The significance of the Harvester Judgement of 1907 in Australia

Harvester Judgement of 1907 took place on 8th November after a hearing of one month. The judgement was done by the justice Henry Bournes Higgins. At that period agriculture was one of leading industrial activity where it got farming equipments and machinery from the well known companies such as the Harvester Company owned by Hugh Victor Mckay. For quite a long time before the Harvester Judgement, the workers used to work in poor working conditions and not to mention that at the end of the day they received low wages. There had been an establishment of a court known as Conciliation and Arbitration Court which was aimed at addressing any dispute between workers and their employers in 1904. The Harvester Judgement however is addressed as a point of reference which led to the increments of the wages to the workers and at least the reasonable payment level established by the industrial courts (Hagenann,  2008).

To begin with the owner of the Harvester Company Mckay had applied to the Conciliation and Arbitration court so that he might be exempted from payment of the machinery duty. The court had been established to address disputes but it had powers to exempt the machinery duty if the owner paid his workers fair wages. His claim was in reference on the Act which allowed a free duty of the locally manufactured machines on condition that the owner of these machines paid his workers fair wages. His workers opposed the application through the union Agricultural Implement Workers in which they were members. The union argued that Mckay’s worker didn’t receive fair wages which lead into court case to his application. The term harvester judgement was therefore derived from the ruling judgement of this case by the Huggins and the company involved- Harvester Company (Gordon, 2002).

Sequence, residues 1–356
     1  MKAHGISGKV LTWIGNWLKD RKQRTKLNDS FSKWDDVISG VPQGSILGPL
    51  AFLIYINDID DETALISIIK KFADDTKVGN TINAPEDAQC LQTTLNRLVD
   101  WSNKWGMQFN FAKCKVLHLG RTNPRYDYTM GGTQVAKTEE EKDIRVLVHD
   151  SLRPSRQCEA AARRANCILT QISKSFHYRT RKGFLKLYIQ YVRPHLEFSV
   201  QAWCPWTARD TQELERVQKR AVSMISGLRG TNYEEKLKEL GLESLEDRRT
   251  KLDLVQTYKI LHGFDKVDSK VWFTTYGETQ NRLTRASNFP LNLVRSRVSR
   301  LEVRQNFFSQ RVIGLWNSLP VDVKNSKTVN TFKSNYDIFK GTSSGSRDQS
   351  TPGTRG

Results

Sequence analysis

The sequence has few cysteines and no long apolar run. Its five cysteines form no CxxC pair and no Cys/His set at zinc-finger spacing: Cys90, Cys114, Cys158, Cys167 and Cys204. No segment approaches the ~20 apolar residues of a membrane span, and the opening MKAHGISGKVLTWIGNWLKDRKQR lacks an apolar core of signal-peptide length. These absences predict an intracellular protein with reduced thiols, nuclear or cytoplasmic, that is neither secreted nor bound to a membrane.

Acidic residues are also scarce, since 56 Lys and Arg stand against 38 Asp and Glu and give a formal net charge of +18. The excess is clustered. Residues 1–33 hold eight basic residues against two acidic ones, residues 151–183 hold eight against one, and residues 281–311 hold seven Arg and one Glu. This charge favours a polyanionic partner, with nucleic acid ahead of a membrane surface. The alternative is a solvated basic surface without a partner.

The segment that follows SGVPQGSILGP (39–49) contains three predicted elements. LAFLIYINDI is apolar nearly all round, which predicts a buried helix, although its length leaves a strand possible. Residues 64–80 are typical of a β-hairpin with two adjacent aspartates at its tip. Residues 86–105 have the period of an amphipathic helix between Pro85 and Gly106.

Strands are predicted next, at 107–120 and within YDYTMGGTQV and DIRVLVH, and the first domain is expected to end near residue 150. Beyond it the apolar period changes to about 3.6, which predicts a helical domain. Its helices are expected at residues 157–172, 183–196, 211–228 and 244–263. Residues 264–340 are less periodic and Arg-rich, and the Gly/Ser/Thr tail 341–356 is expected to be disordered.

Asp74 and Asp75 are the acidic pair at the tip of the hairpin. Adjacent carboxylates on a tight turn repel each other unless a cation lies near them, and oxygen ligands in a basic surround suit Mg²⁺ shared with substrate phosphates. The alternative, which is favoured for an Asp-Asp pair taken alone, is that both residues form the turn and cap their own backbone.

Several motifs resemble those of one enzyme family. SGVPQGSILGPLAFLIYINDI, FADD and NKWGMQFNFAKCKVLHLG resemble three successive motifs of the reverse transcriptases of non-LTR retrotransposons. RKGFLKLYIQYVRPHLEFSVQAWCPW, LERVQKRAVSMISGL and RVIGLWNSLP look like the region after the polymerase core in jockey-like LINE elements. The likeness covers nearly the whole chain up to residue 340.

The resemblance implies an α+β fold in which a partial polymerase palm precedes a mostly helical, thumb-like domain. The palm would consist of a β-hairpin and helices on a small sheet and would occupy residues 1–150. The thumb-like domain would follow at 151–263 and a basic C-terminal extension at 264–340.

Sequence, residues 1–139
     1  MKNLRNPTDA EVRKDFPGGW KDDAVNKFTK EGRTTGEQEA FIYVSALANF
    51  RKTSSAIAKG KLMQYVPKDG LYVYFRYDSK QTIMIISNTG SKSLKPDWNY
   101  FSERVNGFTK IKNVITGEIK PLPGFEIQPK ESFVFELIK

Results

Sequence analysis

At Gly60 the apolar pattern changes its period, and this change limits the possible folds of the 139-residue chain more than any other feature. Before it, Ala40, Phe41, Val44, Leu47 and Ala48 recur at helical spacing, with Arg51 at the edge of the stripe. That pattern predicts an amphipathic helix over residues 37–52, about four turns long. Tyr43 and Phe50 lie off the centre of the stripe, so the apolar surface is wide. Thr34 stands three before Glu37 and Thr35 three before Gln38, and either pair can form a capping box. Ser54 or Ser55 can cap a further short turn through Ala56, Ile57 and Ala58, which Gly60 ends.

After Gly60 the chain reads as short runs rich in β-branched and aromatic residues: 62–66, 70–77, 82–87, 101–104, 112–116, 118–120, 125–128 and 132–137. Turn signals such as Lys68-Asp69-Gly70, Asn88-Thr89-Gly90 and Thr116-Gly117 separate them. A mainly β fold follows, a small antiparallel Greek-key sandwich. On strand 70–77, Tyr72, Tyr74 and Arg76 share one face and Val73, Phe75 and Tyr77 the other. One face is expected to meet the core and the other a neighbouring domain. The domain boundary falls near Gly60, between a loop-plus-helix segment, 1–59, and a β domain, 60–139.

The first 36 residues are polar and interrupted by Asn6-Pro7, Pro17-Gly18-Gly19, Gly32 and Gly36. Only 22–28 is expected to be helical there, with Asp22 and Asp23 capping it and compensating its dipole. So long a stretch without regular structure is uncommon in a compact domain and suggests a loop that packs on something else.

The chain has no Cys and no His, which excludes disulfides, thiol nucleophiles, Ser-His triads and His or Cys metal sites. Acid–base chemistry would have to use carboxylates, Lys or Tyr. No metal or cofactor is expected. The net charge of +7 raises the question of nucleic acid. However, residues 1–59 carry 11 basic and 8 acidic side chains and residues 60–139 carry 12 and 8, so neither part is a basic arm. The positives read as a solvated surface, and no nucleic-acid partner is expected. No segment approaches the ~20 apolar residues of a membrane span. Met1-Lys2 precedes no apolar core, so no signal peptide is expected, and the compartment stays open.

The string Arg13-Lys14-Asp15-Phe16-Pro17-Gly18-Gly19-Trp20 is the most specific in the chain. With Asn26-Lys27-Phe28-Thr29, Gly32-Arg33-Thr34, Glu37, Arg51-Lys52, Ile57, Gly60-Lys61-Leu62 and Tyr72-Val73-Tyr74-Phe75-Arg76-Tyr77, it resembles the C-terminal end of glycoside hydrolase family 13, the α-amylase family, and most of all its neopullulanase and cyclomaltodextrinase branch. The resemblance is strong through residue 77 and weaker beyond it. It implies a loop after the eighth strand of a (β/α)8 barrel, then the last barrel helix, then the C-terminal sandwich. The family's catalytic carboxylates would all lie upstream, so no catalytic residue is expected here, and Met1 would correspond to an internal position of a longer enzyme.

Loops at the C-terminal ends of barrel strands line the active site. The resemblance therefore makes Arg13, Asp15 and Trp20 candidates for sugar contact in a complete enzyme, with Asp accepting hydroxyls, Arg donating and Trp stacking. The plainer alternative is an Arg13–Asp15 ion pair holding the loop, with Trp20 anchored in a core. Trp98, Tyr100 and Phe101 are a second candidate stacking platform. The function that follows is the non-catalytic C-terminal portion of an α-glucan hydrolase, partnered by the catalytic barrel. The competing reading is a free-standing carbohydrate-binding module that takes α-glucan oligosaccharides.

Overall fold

There was no formal law which was meant to define what was termed as a reasonable wage at the same time fair ones. This therefore led to an attempt by the justice Huggins of what could be referred as reasonable wage which is fair to a worker. By this he made considerations on the wages that Mckay used to pay to his workers. The Mckay’s workers received a wage of 36 shillings at the end of the week, and so Huggins tried to weigh its effectiveness in terms of meeting the workers’ basic needs. Apart from the main three known basic need: food, clothing and shelter he also put into considerations of the life insurance coverage and the transport cost. He did this through interviewing the workers and made a conclusion that a wage that was to be viewed as a reasonable at the same time fair was supposed to be at least 42 shillings a week, (Hagenann ,  2008).

There was however the signing of the contract before any employment of which the employees were supposed to agree in to terms and conditions which were provided. This was always inclusive of the payment agreement of which the Mckay’s workers just as other workers had signed. The contract agreement however was not meant to under look the reasonable conditions on payment to the workers by the fact that they were jobless but as a means of accountability of the employers. According to Huggins the employers like Mckay were not supposed to underpay their workers although he claimed not to be doing so. He therefore made a ruling judgement based on the fact that Mckay should not be exempted from paying the machinery duty. Mckay was then ordered to pay 20000 pounds as a duty for his machinery from, (Gordon, 2002).

It was also made clear that if then he would be exempted from paying this duty he would then have to raise the wages to his workers by 27% increase. He was also supposed to pay extra wage to his workers for any overtime duty on top of this increase in which it was not supposed to be on the normal rate. Mckay had a negative attitude towards the union of which he didn’t want to employ the members of the union. Now this also led the union to reveal to the court that Mckay used only to pay any overtime on ordinary rates. In his defense he stated that the workers had received a great bonus just at the end of the previous year. This was however not fair as workers who did greatest amount of work didn’t receive much of them as most of it was directed to the workers at the top positions in his company (Gordon, 2002).

Huggins ruling was not just based on the evidences presented by the union but his decision was based by the fact that he himself viewed employment as a social act. Huggins. Mckay however didn’t agree to the ruling of the Huggins and according to him the 36 shillings that he was paying his workers was reasonable enough. According to him it was too much to the company if he had to increase this wage as most of his workers were unskilled while the work that they were doing, was easier as it was unique from other forms. This was however not true as the witnesses who were presented by the union stated that the kind of work that they did was similar when compared to elsewhere and on top of this, they received lower wages than other non Mckay workers (Hagenann,  2008).

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